Among Erie's advanced industries, Wabtec — formerly GE Transportation — remains the largest advanced manufacturer in the region. The inauspicious transition at the Lawrence Park facility culminated in a strike of more than 1,700 workers during the first days of Wabtec control after the company ceased negotiations with the leadership of the United Electrical, Radio, and Machine Workers locals 506 and 618 on the first day of business. The strike lasted nine days until the two sides reached a mediated 90-day agreement that brought them back to the bargaining table.
"Neither side wants to see things deteriorate," says Louie. "I think it's likely that both sides will compromise and they'll come up with an agreement that is mutually satisfactory because it is still an important part of the Erie economy."
Indeed, the loss of jobs as Erie's largest manufacturer would be catastrophic to the local economy with a total economic impact of between $8 million and $15 million and as many as 102 non-Wabtec jobs throughout the community, according to an economic impact study by consulting firm Parker Philips.
Across Erie County, unemployment slowed recently. Seasonally adjusted unemployment is at 4.1 percent, its lowest level in years and just 0.1 percent higher than national unemployment. That's in part because of the number of people who have dropped out of the labor market. Essentially, they've stopped trying.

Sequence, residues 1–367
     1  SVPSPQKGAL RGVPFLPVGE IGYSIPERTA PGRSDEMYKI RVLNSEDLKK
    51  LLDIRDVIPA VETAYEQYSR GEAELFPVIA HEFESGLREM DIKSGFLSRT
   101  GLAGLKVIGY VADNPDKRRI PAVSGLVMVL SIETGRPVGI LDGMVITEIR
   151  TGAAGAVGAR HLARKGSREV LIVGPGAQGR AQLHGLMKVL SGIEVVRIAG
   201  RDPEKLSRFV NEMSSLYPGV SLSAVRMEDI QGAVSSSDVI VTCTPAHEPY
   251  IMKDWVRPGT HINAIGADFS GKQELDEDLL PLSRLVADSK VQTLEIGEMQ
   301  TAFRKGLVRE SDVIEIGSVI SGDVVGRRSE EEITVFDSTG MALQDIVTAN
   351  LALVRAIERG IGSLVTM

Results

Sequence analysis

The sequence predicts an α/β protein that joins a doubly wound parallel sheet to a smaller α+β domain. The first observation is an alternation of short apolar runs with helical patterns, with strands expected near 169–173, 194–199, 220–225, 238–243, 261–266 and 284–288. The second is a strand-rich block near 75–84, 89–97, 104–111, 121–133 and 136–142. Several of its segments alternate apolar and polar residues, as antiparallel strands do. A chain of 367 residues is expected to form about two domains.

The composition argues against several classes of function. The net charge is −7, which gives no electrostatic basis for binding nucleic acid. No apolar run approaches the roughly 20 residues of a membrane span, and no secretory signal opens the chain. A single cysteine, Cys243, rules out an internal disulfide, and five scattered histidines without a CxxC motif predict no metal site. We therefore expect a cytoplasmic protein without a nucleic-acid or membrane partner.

As of 2017, Erie's labor force participation rate — the number of people over the age of 16 who are employed or actively looking for a job — was just 58.7 percent, the lowest it's been in more than a decade. Part of that story is the relative age of our working population and another part of that story is the skills gap that keeps many people from the high-tech industries that are emergent in the region.
"When you look at the structure of the economy," Louie says, "what's causing a lot of the trauma is that even when there's job growth, it's growth in the newer sectors or in the service sectors and so given our reliance historically on the traditional manufacturing sectors like metals production and locomotive production, that's where we see the transition being very difficult for workers."
Louie says you can see this change when you look at the economic output of specific industries. While the major industries like locomotive production remain critical to the local economy, the largest growth is in areas like
These industries are smaller and more nimble than the traditional manufacturing institutions that came before them, but they generally produce high-wage jobs that have supported the American economy since the last recession.
Preparing the workforce for such jobs is now Erie's cross to bear.
Every other community in the United States with economic growth in advanced industries and services has a mechanism to train its skilled workforce. In some communities that effort is led by organized labor, as the Steamfitters local 449 has done in Harmony, Pennsylvania, and in other communities, it is a combination of public and private entities collaborating to stabilize its workforce. But in every community having economic success, there is a common denominator: proximity to a community college.
Erie is the largest metropolitan statistical area in the country without a brick-and-mortar community college and whether or not one is established in Erie County will be the difference between regional progress or the continued stagnation of the local economy — industrial, commercial, and personal.
There is simply no alternative if our goal is to prosper and grow.